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Don't be too timid and squeamish about your actions. All life is an experiment.

The more experiments you make the better.

- Ralph Waldo Emerson

One of the toughest lessons to learn, especially for those who live in the western
world, is that our bodies were designed to work hard, to struggle, to overcome.
This does not set well with people who were raised on the belief that the easy
life was ahead, that leisure was the way of the future. We were designed to
overcome, but it isn't necessary that we overcome difficulties that we could
easily have avoided.

Ease and leisure were never the way of the future, except in the minds of those
whose intention was to profit from designing and producing products to sell to us
using the hook that our lives will be easier. Did dishwashers, computers or
televisions make our lives better, considering all of the consequences that
resulted from their use?

Technology gives us the opportunity to learn more, to grow, to expand who we are.
But it comes at a cost. In some cases, the cost has been obesity, broken
marriages, families with two working parents who still can't make ends meet and
kids who play video games at home because their parents feel it's too dangerous
for them to be alone on the streets. True, those are not immediate consequences,
but downstream results of life changes that resulted from using these "essential"

Emerson's point is that it's all right to make mistakes, to experiment and fail,
because life is about experimenting. That means that more learning comes from
failure than from success. We can accept one change without buying into a series
of life changes that sometimes result from it.

Success brings an end to growth for many people, whereas each failure gives an
opportunity to rebuild ourselves better than ever before. Setbacks are
opportunities for those who know how to rebuild themselves. These are not skills
that are widely taught in schools.

What we must be cautious about is experimenting with things that could have tragic
consequences. Usually that requires us to investigate the consequences that have
resulted from other people doing something we anticipate doing ourselves. If they
have caused too much grief, the risk must be assessed before launching into the
new venture.

An example would be people who experiment with taking drugs. In most cases, people
who begin taking illegal drugs have been encouraged to do so by others who want
company (or sales). Often the first experiments are free offerings. Tobacco
companies have done this outside of schoolyards--mostly recently in some African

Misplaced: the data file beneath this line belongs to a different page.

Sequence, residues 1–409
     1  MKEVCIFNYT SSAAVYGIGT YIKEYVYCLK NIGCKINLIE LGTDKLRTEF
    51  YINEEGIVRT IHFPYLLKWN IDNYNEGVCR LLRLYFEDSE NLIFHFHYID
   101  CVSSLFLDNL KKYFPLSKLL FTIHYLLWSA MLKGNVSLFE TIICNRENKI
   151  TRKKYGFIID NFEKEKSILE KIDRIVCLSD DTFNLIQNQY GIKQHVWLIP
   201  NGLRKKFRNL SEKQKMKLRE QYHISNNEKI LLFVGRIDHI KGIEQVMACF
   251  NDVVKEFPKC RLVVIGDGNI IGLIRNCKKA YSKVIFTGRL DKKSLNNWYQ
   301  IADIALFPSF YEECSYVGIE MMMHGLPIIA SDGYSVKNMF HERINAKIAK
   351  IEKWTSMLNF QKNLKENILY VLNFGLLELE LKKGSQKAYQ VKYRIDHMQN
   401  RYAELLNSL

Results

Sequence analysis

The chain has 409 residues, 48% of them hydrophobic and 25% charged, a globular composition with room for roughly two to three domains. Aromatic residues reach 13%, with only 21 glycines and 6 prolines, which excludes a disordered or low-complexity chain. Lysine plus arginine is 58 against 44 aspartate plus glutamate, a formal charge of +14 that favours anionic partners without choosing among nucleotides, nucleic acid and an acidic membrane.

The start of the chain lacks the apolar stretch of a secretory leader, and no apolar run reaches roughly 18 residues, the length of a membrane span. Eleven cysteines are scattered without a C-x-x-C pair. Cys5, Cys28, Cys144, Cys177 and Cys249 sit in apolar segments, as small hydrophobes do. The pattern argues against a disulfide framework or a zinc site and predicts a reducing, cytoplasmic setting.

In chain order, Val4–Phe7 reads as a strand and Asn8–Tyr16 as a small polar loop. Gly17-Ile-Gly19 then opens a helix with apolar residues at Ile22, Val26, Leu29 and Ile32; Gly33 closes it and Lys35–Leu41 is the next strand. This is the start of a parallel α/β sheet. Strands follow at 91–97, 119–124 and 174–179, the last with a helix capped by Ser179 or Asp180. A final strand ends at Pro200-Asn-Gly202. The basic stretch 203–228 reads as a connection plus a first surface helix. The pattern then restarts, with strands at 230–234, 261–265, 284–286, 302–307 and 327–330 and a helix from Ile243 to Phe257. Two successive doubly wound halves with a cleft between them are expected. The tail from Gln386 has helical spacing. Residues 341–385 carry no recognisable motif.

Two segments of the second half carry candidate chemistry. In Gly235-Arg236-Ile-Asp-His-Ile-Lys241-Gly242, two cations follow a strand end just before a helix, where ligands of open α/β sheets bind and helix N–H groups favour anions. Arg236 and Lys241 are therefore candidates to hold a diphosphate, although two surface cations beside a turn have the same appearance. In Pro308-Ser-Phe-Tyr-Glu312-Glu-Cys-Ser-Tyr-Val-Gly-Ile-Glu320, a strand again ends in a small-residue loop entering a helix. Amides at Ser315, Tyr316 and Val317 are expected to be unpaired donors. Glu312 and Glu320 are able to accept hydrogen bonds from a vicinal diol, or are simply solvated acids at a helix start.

countries--giving free cigarettes to children as young as six years. Kids only a
couple of years older than that have been offered free street drugs. Kids don't
know the downside of taking street drugs.

These children and even adolescents and adults who try street drugs have usually
not been advised about how using them has destroyed the lives and the futures of
many people who used the same drugs before them. Very few people will experiment
with a drug if they have met someone whose life and family have been destroyed by
drug use.

Many people would say that "Common sense should prevail." It should. However,
common sense is not innate to us at birth. All common sense (if there be any such
thing) is taught commonly, to all people, usually in childhood. People don't use
common sense if they have not been taught how to apply themselves to a decision
about experimenting with something new.

At the rate we can see from newspapers and lists such as the Darwin Awards that
people have not used common sense, we must conclude that it has not been taught to
every child. Walk through supermarket aisles and you might believe that almost
none of the people you see have been taught the common sense rules of sharing
space with others.

Common sense is a series of life skills that should be included in the curriculum
of every school district. Every one of those skills is more important and more
useful than any given bit of learning in chemistry, mathematics or language. Every
one is usable by every person who knows it.

Experiment with life, yes, but do so with some degree of caution and research so
that tragedy is not a certainty for the future.

Bill Allin
'Turning It Around: Causes and Cures for Today's Epidemic Social Problems,'
striving to make human needs a necessary part of learning for every child.
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